Good reads from around the web.
I wonder what we’re supposed to learn from Global Finance Magazine’s 2012 ranking of the top 50 safest global banks?
Or more pertinently, I wonder what it learned from its previous lists?
As a blog by the Wall Street Journal points out:
In 2007, the Top 50 counted as Numbers 11-13 Citigroup, Royal Bank of Scotland and Dexia. The list also included HBOS, Wachovia, ABN Amro and Fortis.
One financial crisis later and the idea that any of those banks were safe in 2007 is laughable.
We all know what happened to HBOS and RBS, and most of the others cited met a similar fate.
For the record here are its 2012 rankings, which are derived using long-term credit ratings and total assets:
1. KfW – (Germany)
2. Bank Nederlandse Gemeenten (BNG) – (Netherlands)
3. Zürcher Kantonalbank- (Switzerland)
4. Landwirtschaftliche Rentenbank- (Germany)
5. Landeskreditbank Baden-Württemberg – Förderbank (L-Bank) – (Germany)
6. Caisse des Dépôts et Consignations (CDC) – (France)
7. Nederlandse Waterschapsbank – (Netherlands)
8. NRW.Bank – (Germany)
9. Banque et Caisse d’Épargne de l’État – (Luxembourg)
10. Rabobank Group – (Netherlands)
11. TD Bank Group – (Canada)
12. Bank of Nova Scotia- (Canada)
13. DBS Bank – (Singapore)
14. Oversea-Chinese Banking Corp – (Singapore)
15. United Overseas Bank – (Singapore)
16. Caisse centrale Desjardins – (Canada)
17. Royal Bank of Canada – (Canada)
18. National Australia Bank – (Australia)
19. Commonwealth Bank of Australia – (Australia)
20. Westpac Banking Corporation – (Australia)
21. Australia and New Zealand Banking Group – (Australia)
22. Kiwibank – (New Zealand)
23. HSBC Holdings – (United Kingdom)
24. Nordea – (Sweden)
25. Bank of Montreal – (Canada)
26. Canadian Imperial Bank of Commerce – (Canada)
27. Svenska Handelsbanken – (Sweden)
28. China Development Bank –(China)
29. Bank of New York Mellon Corp – (United States)
30. Agricultural Development Bank of China – (China)
31. National Bank of Abu Dhabi – (United Arab Emirates)
32. CoBank ACB – (United States)
33. Pohjola Bank – (Finland)
34. National Bank of Kuwait –(Kuwait)
35. DZ Bank – (Germany)
36. Banque Fédérative du Crédit Mutuel (BFCM) – (France)
37. U.S. Bancorp – (United States)
38. National Bank of Canada – (Canada)
39. Northern Trust Corp – (United States)
40. Qatar National Bank – (Qatar)
41. Samba Financial Group – (Saudi Arabia)
42. BancoEstado – (Chile)
43. La Banque Postale – (France)
44. Bank of Taiwan – (Taiwan)
45. Shizuoka Bank – (Japan)
46. Banco de Chile – (Chile)
47. BNP Paribas – (France)
48. Wells Fargo – (United States)
49. Standard Chartered – (United Kingdom)
50. SEB – (Sweden)
So two British banks on the list, including recently-mauled Standard Chartered.
Personally, despite my despair over bankers and their salaries, I think many banks may prove good investments from here, especially the more stodgy retail ones.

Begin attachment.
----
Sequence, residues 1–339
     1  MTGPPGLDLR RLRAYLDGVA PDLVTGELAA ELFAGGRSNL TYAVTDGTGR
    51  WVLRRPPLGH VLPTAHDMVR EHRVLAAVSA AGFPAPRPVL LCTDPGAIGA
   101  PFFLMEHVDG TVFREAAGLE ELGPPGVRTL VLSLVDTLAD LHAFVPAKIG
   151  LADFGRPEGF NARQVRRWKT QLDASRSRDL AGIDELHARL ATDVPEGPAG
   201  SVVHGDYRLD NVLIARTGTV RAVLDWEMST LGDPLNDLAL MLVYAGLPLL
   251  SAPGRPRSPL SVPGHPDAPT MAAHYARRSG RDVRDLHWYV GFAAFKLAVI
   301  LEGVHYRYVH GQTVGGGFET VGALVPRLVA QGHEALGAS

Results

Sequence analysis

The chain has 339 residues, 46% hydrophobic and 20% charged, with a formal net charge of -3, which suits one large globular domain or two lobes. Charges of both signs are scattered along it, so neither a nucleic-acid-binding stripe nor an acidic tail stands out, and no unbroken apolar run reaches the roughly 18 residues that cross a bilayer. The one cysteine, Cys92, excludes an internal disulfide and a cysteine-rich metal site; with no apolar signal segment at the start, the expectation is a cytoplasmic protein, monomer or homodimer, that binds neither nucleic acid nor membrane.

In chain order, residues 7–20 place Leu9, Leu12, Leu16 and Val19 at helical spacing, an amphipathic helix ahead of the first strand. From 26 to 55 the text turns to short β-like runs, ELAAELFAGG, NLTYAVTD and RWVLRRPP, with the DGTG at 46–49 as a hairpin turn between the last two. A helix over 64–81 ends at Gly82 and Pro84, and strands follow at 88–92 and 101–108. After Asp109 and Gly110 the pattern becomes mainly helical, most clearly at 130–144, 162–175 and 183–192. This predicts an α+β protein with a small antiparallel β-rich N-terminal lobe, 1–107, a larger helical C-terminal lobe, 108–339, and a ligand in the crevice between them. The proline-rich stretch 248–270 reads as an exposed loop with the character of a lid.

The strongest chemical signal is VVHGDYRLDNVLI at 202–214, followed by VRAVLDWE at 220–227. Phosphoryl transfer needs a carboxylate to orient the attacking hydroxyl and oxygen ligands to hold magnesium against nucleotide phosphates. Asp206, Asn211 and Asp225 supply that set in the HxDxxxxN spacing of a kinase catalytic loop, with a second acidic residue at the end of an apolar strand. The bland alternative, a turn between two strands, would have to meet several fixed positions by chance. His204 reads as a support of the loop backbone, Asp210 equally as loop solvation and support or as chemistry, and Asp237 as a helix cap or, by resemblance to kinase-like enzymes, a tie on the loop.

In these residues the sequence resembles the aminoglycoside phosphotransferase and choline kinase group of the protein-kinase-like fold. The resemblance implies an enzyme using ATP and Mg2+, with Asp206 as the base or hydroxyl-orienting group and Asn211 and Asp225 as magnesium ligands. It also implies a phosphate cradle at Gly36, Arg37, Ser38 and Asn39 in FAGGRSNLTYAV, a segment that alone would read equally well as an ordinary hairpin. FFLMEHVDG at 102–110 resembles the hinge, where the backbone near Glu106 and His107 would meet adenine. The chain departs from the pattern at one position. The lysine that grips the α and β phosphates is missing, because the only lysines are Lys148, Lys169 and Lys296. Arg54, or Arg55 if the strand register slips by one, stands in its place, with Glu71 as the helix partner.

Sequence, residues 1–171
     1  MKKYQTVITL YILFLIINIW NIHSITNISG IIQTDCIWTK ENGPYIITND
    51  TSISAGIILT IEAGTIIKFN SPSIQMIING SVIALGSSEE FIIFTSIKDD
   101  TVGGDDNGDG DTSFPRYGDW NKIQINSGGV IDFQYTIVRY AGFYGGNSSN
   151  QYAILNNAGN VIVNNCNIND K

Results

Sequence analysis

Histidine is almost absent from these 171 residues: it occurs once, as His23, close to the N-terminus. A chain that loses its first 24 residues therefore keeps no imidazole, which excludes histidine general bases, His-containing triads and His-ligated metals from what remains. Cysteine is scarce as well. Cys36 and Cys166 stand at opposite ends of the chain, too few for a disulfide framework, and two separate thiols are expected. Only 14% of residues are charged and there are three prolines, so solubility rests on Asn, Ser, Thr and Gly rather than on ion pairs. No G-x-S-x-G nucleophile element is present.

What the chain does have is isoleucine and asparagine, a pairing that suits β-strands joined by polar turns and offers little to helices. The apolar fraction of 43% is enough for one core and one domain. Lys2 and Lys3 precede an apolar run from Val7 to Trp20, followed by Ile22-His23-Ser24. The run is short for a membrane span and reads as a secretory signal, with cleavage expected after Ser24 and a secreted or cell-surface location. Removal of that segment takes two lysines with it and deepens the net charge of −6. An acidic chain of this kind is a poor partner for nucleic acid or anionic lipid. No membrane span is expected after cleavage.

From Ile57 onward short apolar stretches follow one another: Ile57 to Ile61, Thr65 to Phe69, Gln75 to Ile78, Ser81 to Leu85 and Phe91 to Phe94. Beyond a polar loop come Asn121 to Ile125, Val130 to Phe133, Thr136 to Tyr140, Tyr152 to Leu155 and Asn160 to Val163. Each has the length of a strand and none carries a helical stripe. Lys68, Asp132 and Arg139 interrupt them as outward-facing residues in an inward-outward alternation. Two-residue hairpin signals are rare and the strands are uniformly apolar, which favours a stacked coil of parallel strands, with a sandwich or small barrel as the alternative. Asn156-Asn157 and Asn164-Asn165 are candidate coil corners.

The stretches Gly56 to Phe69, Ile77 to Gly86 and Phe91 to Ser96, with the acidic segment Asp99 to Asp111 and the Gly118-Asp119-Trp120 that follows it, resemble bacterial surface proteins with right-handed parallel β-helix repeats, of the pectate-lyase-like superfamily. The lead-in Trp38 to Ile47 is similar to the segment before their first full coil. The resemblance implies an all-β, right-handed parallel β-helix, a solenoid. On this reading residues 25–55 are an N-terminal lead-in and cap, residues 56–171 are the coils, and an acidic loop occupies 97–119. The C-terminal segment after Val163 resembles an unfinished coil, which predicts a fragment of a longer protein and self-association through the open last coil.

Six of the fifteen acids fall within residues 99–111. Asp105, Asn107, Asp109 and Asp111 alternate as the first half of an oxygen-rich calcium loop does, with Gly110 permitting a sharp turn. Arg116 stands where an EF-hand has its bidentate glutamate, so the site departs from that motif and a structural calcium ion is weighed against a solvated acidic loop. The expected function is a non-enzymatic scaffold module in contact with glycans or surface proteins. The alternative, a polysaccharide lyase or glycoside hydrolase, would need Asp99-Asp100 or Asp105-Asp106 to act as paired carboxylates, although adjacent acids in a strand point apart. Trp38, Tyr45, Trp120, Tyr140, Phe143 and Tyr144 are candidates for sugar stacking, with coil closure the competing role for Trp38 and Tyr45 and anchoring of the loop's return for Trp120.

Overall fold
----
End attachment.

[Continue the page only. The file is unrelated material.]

US giant Wells Fargo, for instance, meets my idea of a safe bank. It currently trades at around 1.7 times tangible book value. That’s far more than the 0.5 times investors are prepared to pay for Lloyds, for example, yet the premium seems to me deserved after Wells came through the sub-prime meltdown and subsequent crisis with flying colours. It has a very sound old-fashioned business model, too, based around a vast horde of cheap customer deposits rather than wholesale funding.
Wells traded at well over three times tangible book value before the crisis. I’m sure it will again some day, and I’m toying with buying.
(For the record, I have traded in and out of Lloyds for a sum total of roughly diddly-squat for the past few years and currently hold it and, more profitably, its preference shares. Standard Chartered is a long-term hold for me).
From the money blogs
- 5 stages of grief and low interest rates – The Finance Buff
- The worst excuse for not saving – Financial Samurai
- Hard to beat a US total market fund – Rick Ferri
- Why I prefer a spreadsheet to manage my finances – Len Penzo
- Do banks have a place in a dividend portfolio? – Clear Eyes Investing
- For many investors, there’s no place like home – Vanguard blog
- Seven weeks of homelessness – Mr Money Mustache
- How we take more risks in crowds – The Psy-fi blog
- The Open University is now Closed – Sterling Effort
- Mobile phone id fraud – Totally Money
Product of the week: British Airways is offering 70% off its Indian holidays, which it is pitching at those suffering from a post-Olympics comedown. (Personally, I just filled the void with an Indian takeaway).
Mainstream media money and investing
- Swedroe: How to test your financial security – MoneyWatch
- Roth: After scraping the bottom, interest rates spike – MoneyWatch
- Is university worth the fees? – This is Money
- Real money equity trading at decade lows – FT Alphaville
- Merryn: Gold’s glittering future? – FT
- Savers spunk £1.1 billion into expensive funds of funds – FT
- Rarity is the key to champion sports investing – FT
- Rents rise to a new high – Telegraph
- FTSE 100 CEO pay rises 8.5% to £3m for first time – Independent
- ‘Risk fatigue’ has set in among investors – Independent
- Goal Soccer Centres and apathy around small caps – Independent
- House prices rise three times faster than wages in a decade – Guardian
Book of the week: Joel Greenblatt’s You Can be a Stock Market Genius is a legendary classic, and not only for the title. No, it’s not ironic, but it is indicative of the witty, unapologetic prose. I’ve enjoyed re-reading it. Only for the most active investors.
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- Weekend reading: Banks are back edition
- Weekend reading: The world’s bargain banker
- Weekend reading: Obama versus the banks
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